Sunday, July 18, 2010

More From The Regency Lady's Cosmetic Shelf

As I mentioned in my last blog, when I was researching The Bricklayer’s Helper (Aug, 2010, The Wild Rose Press), I needed to find what a Regency lady would do to repair her skin after years of abuse by sun and hard work. While ladies during the early years of the 19th century eschewed the use of makeup, they were just as interested in the care of their skin as we are.

It is interesting to me that lemons have always been used to lighten brown spots and achieve highlights in the hair. When I was a girl, we used lemons a lot for both purposes and they worked pretty well to lighten our blonde hair.

As for Sarah, my heroine, she is desperate to find that elixir that will dissolve years of sun damage from her face. And while Sarah is entirely fictional, she was based upon a real Regency woman who, after being orphaned at an early age, decided it was better to live as a man and find honest work, then become a prostitute--one of the few jobs open to women without money or families to care for them. Both women lived hard lives that left the inevitable marks upon their hands and face. So after working for thirteen years as a bricklayer, Sarah finds herself in the awkward position of wishing to make herself more attractive to a man she’s falling in love with.

So, what would she do?

Well, then as now, the sun’s rays can wreck havoc with the complexion. There were many recipes, or receipts as they were called, to help ladies deal with brown spots and other skin issues. And frankly, ladies were better off making their own solutions than buying bottled mixtures from the local pharmacies, which frequently included a number of near-lethal ingredients. The ladies’ magazine, La Belle Assemblée, had recipes in it for skin lotions and tinctures. Herbals were also full of natural remedies. Some, like rose water, are still in use today by those who enjoy making their own beauty supplies.

The following are a few recipes Sarah might have used to make herself more beautiful to her handsome hero, William.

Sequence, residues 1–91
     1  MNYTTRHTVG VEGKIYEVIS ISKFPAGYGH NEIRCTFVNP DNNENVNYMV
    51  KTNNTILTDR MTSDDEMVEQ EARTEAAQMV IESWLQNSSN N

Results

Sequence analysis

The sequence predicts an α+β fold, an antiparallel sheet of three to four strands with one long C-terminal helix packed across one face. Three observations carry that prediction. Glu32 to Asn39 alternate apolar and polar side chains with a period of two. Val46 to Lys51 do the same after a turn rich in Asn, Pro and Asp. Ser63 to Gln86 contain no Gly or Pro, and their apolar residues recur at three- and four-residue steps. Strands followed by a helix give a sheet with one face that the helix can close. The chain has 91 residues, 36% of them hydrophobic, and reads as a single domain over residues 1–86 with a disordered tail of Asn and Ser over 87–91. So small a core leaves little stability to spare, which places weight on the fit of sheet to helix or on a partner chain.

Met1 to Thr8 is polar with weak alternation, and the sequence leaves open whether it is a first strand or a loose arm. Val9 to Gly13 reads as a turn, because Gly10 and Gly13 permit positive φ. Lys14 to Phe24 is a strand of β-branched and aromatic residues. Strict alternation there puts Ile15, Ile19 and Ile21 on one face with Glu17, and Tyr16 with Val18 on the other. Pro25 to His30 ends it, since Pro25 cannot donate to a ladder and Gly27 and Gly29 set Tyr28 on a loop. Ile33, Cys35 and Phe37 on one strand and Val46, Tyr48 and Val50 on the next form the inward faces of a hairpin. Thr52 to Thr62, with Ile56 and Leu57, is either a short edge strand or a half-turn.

Crême de l’Enclos

Use this every morning and night to remove a tan.

Take half a pint of milk and mix with the juice of a lemon and a spoonful of white brandy. Boil and skim of all scum. When cool, it is ready to use.

Wash for the Hair

Beat the whites of six eggs into a froth and work through the hair. Leave it to dry. Then wash the hair with a mixture of rum and rose-water.

This will clean and brighten the hair, and is best used in the morning.

Paste to “Lift” the Face

Boil the whites of four eggs in rose water. Add sufficient alum and beat to make a paste. When applied, this will firm the skin.

Rose Water

Take two pounds of rose leaves, tie them in cheese cloth, and submerge in a basin of hot water. Place a dish of cold water on them to keep them down. Keep the hot water hot and change the cold water as it warms. This will produce a quantity of oil of roses that can be easily skimmed from the surface.

Virgin’s Milk

There are actually several different recipes for this. The name comes from its appearance, which is milky-white. Regency ladies frequently resorted to this to reduce uneven skin tone, brown spots, and blemishes, and brighten the skin. For purposes of this blog, I’m going to “update” the recipes slightly for our modern audience.

House-Leek--based Virgin’s Milk

Pound some house-leek (Sempervivum or the plant known as “Hen and Chicks”) in a marble mortar and force through a sieve to obtain the juice. When ready to use, add a few drops of spirit of wine. The mixture will curdle and the result is reported to be useful for rendering the skin smooth and removing blemishes.

Benjoin Virgin’s Milk

Take Benjoin gum (resin of the plant Styrax, now called Benzoin, the plant is grown in Sumatra, Java and Thailand) add spirits of wine, and boil until it becomes a rich tincture. Pour a few drops into a glass of water and wash face with this mixture. It will import a beautiful rosy glow to the cheeks.

Interesting note on Benzoin: it is often used now as a disinfectant and local anesthetic to promote healing. It can also be added to boiling water to produce a steam which can have a soothing effect on the lungs and bronchia to help recover from the common cold, bronchitis, and asthma.

In future blogs, I’m hoping to add even more natural recipes that have been used for centuries and offer more natural alternatives to pre-packaged lotions and potions.

Enjoy and have a lovely summer!

1 comment:

L M Gonzalez said...

I like this, Amy.

Long ago, I read a book by Barbara Hazard, "Kathleen". The heroine was an Irish lass and liked to help her father and brothers with their horse farm. Therefore, when she went to her maternal grandmother who'd disowned her, she was a sight to behold. I remember the grandmother used potions like these you've mentioned to lighten her skin and soften her hands.

Will look forward to more on this.